This is The Climate Win, the most positive sustainability news around the world every week.
Around the world, flight emissions have decreased, rush-hour congestion has thinned, and air is cleaner in major metro areas. Had we viewed this through a crystal ball three years ago, we might have guessed that it was the world finally taking its Paris Agreement commitments seriously. But unfortunately, it’s just the result of the sad-but-necessary practice of social distancing. Hopefully, as Time and others have recently opined, we as a society can adopt at least this one positive from a dire situation — that it is possible to see major progress when the entire world acts together to create systemic change. While we’re stuck indoors in the interim, we can address our own situations from within. This week, in lieu of stepping out into the world, The Climate Win looks at ways in which our everyday home lives can be less impactful.
TP with a conscience
We start with an idea that, had you thought of it merely two months ago, could have eliminated one of the most important items on your doomsday prep shopping list. Not only does Who Gives A Crap take our kudos for the best brand name ever, but it has also developed a tush-friendly product that is revolutionizing the way we produce and buy toilet paper. The company turns recycled paper into toilet paper, wraps it in zero-waste recyclable paper packaging, and ships it to your door (in a recyclable box). This means you avoid the plastic-wrapped toilet paper sold in stores and there’s no need to even wait on line only to find empty shelves. And, 50 percent of the company’s profits are dedicated to building toilets in countries where they’re needed most. It’s a win, from top to bottom.
Making disposable coffee cups biodegradable
As good as you may be at bringing your coffee thermos with you, there’s always that time when it gets left in the car or forgotten at home. A company in Berlin is working to make these little slip-ups less impactful on the environment by making to-go coffee cups out of used coffee grounds. Kaffeeform ships portable and at-home coffee mugs for drip coffee as well as espresso, lattes, and cappuccinos (it’s European, after all). This means you could stock an entire cabinet with coffee cups for a variety of purposes, each actually made from coffee. Even if you personally don’t do that, the idea is that maybe international coffee brands might, making cutting down trees to produce single-use coffee cups a thing of the past. If that doesn’t satisfy your caffeine fix, nothing will.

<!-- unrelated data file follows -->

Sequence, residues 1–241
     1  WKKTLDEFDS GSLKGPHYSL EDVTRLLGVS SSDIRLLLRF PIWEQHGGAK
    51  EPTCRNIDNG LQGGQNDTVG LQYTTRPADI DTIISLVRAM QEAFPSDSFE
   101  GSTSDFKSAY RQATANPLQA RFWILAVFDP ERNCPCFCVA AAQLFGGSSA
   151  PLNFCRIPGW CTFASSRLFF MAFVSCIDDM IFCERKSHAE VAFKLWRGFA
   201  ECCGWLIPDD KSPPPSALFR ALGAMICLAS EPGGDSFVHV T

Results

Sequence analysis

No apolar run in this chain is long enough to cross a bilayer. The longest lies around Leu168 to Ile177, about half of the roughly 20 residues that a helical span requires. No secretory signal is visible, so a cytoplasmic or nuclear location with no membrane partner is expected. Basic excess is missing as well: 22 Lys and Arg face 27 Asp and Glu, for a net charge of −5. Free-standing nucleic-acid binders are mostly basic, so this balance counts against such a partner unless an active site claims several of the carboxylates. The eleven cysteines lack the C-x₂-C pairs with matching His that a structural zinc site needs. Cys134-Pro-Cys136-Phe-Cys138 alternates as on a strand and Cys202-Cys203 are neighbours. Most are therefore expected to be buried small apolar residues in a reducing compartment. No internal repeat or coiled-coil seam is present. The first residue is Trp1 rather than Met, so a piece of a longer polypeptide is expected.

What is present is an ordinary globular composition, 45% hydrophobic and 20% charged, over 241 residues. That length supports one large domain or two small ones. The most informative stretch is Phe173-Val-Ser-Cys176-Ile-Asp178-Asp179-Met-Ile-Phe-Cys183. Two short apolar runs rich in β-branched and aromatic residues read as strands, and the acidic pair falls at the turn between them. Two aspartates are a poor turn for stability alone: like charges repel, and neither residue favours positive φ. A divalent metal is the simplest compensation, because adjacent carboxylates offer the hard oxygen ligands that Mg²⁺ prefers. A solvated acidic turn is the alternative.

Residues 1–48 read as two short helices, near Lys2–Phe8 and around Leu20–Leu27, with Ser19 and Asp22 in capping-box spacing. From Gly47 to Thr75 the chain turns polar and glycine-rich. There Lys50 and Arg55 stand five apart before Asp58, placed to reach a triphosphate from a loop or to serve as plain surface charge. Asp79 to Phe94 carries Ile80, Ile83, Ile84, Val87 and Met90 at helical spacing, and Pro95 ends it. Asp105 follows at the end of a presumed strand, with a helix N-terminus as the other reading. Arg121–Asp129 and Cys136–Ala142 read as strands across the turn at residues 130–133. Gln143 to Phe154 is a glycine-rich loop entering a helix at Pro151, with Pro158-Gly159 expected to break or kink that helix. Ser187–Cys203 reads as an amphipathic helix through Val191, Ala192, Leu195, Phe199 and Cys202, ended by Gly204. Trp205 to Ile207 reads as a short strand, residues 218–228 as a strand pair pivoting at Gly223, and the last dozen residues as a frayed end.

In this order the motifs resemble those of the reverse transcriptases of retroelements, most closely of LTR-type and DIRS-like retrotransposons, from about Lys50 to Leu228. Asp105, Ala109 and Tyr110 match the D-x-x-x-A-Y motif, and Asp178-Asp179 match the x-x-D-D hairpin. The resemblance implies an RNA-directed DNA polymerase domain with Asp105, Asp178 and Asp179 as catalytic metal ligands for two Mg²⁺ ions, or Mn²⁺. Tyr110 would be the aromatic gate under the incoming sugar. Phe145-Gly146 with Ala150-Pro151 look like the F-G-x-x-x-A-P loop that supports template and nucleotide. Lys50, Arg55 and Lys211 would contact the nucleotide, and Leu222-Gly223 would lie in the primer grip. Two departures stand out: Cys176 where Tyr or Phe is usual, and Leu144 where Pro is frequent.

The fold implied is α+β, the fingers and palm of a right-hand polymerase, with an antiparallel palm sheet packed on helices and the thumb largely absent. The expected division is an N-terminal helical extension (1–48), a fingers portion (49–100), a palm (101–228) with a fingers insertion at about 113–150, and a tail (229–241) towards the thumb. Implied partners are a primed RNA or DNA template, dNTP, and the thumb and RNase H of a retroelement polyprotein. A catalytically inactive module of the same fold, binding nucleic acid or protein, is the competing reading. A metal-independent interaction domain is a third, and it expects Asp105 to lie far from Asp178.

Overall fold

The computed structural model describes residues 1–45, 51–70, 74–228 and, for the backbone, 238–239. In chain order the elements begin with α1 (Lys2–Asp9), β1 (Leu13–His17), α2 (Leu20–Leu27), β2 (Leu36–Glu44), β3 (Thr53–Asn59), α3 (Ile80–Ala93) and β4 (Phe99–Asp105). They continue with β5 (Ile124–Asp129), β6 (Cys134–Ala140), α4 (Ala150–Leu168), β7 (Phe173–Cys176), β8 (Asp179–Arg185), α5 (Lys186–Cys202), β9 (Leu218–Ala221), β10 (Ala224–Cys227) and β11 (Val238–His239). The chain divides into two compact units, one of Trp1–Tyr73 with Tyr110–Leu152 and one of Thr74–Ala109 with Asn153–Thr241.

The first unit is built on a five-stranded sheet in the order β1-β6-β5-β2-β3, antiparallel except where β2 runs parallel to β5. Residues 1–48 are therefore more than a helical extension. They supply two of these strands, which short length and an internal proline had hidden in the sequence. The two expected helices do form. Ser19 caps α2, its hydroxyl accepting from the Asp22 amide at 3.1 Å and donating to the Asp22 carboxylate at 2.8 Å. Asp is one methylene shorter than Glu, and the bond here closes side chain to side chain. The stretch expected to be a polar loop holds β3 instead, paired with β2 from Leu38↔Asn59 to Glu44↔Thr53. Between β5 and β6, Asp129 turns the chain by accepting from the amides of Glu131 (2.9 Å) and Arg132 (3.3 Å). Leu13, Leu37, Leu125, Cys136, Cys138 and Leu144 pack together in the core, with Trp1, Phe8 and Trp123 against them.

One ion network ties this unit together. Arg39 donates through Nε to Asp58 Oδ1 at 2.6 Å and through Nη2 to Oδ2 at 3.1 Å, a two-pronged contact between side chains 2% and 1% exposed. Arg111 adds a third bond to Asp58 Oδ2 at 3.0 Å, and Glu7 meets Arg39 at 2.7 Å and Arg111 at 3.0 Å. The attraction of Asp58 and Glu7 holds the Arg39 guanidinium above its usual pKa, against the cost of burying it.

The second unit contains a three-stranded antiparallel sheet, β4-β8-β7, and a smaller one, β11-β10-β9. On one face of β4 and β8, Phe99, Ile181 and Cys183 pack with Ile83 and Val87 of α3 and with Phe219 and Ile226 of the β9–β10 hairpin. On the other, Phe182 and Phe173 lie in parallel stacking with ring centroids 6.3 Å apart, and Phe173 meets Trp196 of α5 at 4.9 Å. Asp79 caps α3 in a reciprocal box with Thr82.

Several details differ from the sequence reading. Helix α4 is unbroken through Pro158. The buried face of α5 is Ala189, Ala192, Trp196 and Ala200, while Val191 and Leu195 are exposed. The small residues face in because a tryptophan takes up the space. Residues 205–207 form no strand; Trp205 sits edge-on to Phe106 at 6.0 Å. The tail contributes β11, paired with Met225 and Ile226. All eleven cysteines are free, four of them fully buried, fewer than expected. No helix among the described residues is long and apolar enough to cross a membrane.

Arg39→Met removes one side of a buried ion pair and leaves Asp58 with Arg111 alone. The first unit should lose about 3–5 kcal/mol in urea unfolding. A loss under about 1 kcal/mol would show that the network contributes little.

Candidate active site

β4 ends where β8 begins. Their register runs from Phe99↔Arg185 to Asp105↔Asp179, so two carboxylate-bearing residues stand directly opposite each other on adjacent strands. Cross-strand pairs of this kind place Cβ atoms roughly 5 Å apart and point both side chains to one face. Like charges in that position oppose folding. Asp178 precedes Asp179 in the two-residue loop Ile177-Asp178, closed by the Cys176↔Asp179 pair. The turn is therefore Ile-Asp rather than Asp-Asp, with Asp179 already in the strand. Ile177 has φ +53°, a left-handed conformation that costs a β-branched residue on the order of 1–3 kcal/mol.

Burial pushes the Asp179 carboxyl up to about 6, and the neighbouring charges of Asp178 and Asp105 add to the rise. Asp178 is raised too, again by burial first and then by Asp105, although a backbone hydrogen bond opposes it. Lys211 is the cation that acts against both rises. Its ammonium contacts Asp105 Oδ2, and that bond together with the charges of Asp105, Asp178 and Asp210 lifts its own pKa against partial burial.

The way these products come to your door is evolving
A major issue with online ordering is the footprint necessary to deliver the product to the buyer’s home. This often produces more carbon emissions than if the buyer were to pick it up at a store — particularly if that buyer is shopping for multiple things on the same trip. A big chunk of those emissions may be wiped out in the coming years as fully electric semi-trucks make their way into our country’s shipping and logistics infrastructure. Big rig producer Freightliner recently introduced its eCascadia and eM 106 models, all-electric semis with enough power and torque to pull full-sized loads from port to port without a drop of diesel. The New York Times reported this week that big-name manufacturers including Volvo and Kenworth are also developing electronic big rig models, and while it’s going to be years before they replace most of the diesel versions on highways now, the long-term adoption of these new rigs could knock off up to eight percent of the country’s total CO2 emissions — an accomplishment even bigger than the trucks themselves.
Taking the waste out of online ordering
This week’s action task will help you reduce or eliminate what undoubtedly ends up in landfill every time you order something online: the plastic packaging and fillers. In your Amazon Prime account, open up a chat with a customer service representative. Ask the representative to leave a note on your account to avoid plastic packaging, and to use as little packaging as possible when plastic cannot be fully avoided. There is, as of this writing, no way to do this manually. You’ll have to ask through the instant messenger. Though ordering products from a faraway warehouse will never be more sustainable than buying locally sourced goods, this is at least a way to mitigate the damage. Hopefully, Amazon founder Jeff Bezos’ recent $10 billion commitment to fighting climate change leads his company toward a meeting with Freightliner.
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